The best partnerships are profitable for both the IT solution provider and the product vendor. How to get to that win-win solution takes planning and work. Here are some tips from Sanofsky, general manager-North America, at Paessler AG, that take your business from simply working with vendors to reaping the rewards of truly fruitful relationships. — Jennifer Bosavage, editor
Communication. As with all healthy relationships, amicable business dealings among vendors and resellers cannot exist without it. Unfortunately, in many cases the parties more resemble sparring partners than close friends striving to achieve a common goal.
Simply stated, the best vendor/reseller relationships require a mutual effort to learn as much as possible about each others’ operations including products, services and business models. Funny how pesky everyday business concerns have a way of preventing thiat from happening. Vendors and resellers must meet their primary responsibility of meeting customer needs all while making the extra effort to wear the other guy or gal’s shoes.
For resellers, that means demonstrating a sincere interest in a vendor’s products and its company at-large, regardless of the total number of competing vendors they work with. Along with sincerity, thoroughness is key. Making the time to learn as much as possible, even about the technical side of a vendor’s business, goes a long way toward building mutual trust and respect, two of the most basic tenets of successful relationships, professional or personal.
Both vendors and resellers should be as open and honest as possible, including sharing product ideas and plans—as early as feasible—with the judicious use of non-disclosure forms and non-compete clauses. Discussing proprietary information as early as possible, whether relating to a product rollout, strategic customer project or system implementation, forges bonds that promote cooperation and support ideally on an ongoing basis or, at the very least, for the length of a promotional campaign.
Potential partners both must understand the shared goals and objectives. That is crucial not only at the outset of a campaign or installation but also as key accomplishments and milestones are achieved. Well informed partners are more likely to provide mutual support, enthusiastically and not begrudgingly. Vendors and resellers are human, and humans like being appreciated and to know that mutual support is making a positive impact on each other’s bottom line.
In conjunction with open and frank dialogue among top executives and sales personnel in the trenches, the most successful vendor/reseller relationships also engage end users. That includes their best, longest standing customers to "sprouts" needing nurturing to grow. Without end users -- without growing demand for vendor product and reseller services -- neither channel partner can succeed. Just as vendors and resellers shouldn't independently set agendas without taking into account each others’ business models or concerns, separately engaging end users will lead nowhere and accomplish nothing.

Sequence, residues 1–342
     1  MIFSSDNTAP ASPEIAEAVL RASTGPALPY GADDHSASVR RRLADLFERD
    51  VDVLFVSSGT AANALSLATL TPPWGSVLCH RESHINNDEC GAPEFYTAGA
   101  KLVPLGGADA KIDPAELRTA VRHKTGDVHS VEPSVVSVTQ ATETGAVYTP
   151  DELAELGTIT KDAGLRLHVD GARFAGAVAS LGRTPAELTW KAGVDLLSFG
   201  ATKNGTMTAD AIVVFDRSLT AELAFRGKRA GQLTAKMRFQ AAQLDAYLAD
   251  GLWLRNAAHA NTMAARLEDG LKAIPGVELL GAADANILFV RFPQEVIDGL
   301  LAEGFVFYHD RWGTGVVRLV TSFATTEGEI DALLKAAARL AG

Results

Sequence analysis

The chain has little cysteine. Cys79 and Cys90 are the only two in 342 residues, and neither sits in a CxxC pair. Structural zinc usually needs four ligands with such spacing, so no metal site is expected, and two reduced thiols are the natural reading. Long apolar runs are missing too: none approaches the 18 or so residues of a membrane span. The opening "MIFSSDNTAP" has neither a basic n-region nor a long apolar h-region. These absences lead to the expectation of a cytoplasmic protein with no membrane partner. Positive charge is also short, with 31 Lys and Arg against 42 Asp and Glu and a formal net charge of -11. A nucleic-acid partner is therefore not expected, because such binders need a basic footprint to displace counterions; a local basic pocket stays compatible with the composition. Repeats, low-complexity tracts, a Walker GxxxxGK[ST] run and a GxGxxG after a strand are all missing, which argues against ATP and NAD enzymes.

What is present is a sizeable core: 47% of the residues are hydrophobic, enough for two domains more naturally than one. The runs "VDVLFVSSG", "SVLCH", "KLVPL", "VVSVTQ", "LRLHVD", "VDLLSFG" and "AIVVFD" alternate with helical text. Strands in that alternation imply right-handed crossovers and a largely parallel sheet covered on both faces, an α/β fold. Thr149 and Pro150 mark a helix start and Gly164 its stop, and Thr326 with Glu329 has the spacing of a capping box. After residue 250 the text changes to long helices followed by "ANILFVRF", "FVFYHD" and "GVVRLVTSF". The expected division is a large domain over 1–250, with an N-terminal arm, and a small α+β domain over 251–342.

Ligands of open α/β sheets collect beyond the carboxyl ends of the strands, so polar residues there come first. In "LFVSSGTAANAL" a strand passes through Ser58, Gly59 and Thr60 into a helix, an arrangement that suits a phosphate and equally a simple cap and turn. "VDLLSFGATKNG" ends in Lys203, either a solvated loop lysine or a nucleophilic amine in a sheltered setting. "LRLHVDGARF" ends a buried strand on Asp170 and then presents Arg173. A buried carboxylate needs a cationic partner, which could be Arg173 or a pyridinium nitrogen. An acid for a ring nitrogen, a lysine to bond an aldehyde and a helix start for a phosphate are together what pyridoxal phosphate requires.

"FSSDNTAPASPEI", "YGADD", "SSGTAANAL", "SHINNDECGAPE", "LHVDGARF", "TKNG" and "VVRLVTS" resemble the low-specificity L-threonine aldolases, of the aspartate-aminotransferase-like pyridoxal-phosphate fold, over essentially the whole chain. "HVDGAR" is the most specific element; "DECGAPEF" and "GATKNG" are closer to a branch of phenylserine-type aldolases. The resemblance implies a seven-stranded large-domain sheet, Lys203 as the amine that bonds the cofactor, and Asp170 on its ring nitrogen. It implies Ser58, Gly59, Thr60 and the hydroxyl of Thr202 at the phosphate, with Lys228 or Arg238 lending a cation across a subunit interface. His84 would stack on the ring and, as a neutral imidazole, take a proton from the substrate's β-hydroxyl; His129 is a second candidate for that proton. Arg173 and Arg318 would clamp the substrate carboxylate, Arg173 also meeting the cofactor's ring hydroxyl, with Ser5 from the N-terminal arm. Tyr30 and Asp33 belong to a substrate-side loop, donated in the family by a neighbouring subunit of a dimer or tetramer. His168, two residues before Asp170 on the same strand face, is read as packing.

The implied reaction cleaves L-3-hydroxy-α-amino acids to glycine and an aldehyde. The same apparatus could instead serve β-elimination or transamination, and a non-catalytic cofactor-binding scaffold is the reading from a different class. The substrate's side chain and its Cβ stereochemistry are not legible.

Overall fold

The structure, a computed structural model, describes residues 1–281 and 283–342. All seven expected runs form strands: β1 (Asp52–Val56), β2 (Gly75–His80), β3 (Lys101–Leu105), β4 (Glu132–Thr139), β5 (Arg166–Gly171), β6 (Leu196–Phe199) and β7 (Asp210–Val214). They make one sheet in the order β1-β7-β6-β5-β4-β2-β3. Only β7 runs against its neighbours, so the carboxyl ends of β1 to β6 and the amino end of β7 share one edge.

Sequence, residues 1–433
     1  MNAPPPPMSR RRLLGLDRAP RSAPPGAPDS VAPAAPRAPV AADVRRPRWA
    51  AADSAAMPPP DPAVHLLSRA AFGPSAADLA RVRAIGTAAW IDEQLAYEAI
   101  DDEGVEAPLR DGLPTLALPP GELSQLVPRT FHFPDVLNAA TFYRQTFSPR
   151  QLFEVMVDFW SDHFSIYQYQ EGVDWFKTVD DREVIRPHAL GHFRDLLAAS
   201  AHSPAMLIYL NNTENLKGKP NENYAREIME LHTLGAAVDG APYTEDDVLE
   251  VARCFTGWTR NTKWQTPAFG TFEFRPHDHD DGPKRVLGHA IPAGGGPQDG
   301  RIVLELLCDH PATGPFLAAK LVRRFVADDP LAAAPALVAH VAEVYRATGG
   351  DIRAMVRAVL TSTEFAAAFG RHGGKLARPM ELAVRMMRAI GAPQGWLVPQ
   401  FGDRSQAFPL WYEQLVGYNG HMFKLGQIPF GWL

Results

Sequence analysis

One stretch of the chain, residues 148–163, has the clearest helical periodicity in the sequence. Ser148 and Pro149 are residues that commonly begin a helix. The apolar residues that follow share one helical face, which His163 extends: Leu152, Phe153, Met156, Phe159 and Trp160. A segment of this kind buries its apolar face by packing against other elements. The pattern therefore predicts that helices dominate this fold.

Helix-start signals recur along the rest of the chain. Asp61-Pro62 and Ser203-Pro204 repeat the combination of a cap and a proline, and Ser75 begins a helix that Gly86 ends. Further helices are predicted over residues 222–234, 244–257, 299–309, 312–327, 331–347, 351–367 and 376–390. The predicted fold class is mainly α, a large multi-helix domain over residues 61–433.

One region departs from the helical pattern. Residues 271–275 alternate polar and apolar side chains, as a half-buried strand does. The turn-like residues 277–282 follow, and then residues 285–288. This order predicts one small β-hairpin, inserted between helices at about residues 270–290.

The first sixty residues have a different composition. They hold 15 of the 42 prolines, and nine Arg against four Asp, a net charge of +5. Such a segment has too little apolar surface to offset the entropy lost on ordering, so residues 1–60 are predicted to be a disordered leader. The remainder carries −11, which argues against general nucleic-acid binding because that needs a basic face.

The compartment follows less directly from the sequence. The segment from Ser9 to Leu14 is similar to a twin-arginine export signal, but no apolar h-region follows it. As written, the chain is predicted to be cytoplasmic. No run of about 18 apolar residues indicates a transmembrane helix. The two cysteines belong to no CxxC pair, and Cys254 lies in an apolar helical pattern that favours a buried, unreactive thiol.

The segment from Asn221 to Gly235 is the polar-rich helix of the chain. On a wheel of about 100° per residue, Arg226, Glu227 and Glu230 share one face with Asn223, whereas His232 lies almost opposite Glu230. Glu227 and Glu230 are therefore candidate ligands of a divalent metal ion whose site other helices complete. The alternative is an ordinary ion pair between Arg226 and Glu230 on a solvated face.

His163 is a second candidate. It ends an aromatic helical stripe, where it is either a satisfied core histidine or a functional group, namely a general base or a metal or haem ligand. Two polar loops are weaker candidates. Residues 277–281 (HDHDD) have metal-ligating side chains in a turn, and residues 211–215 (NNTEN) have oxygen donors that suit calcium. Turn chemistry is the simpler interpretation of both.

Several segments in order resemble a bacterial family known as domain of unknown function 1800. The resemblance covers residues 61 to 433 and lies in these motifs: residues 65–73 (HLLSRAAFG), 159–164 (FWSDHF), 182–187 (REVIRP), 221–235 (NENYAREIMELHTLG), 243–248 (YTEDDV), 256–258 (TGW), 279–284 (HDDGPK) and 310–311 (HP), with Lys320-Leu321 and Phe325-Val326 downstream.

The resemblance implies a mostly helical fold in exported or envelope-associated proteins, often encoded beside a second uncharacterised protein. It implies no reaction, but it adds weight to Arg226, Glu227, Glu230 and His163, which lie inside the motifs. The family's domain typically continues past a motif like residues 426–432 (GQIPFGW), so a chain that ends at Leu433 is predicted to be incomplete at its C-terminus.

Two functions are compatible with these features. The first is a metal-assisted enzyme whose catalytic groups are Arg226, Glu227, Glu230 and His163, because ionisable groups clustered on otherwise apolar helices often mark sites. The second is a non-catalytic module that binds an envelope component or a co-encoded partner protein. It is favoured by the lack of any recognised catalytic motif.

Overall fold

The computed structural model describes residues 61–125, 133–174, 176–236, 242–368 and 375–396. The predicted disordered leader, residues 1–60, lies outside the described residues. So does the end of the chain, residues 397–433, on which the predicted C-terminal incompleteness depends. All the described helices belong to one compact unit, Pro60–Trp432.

Finally, developing and maintaining a healthy relationship requires vendors and resellers to continually ask questions of each other, and to reassess goals and objectives, policies and procedures for mutual benefit. Vendors must honestly ascertain the reason or reasons for their existing channel programs. For example, are they still valid, or have market conditions, reseller or end user requirements changed to the extent that the program itself must also change?
Vendors and resellers that work together to identify market conditions, form a united front. Together, they can create a new or modified strategy that builds strong relationships, and promotes the sharing of ideas as well as concerns. Remember, tunnel vision is one of the greatest enemies of healthy channel relationships.
Vendors depending solely on rebates, spiffs and special pricing to curry reseller favor are shortsighted, at best. The most progressive vendors recognize that steady sales leads are most valuable in forging resellers’ loyalty. Conversely, resellers, by their nature, sell products and services from a wide variety of suppliers. Those that take the time, and make the effort, to develop solid, long-lasting relationships with just a few vendors will more likely reap rewards. And that’s a true win-win.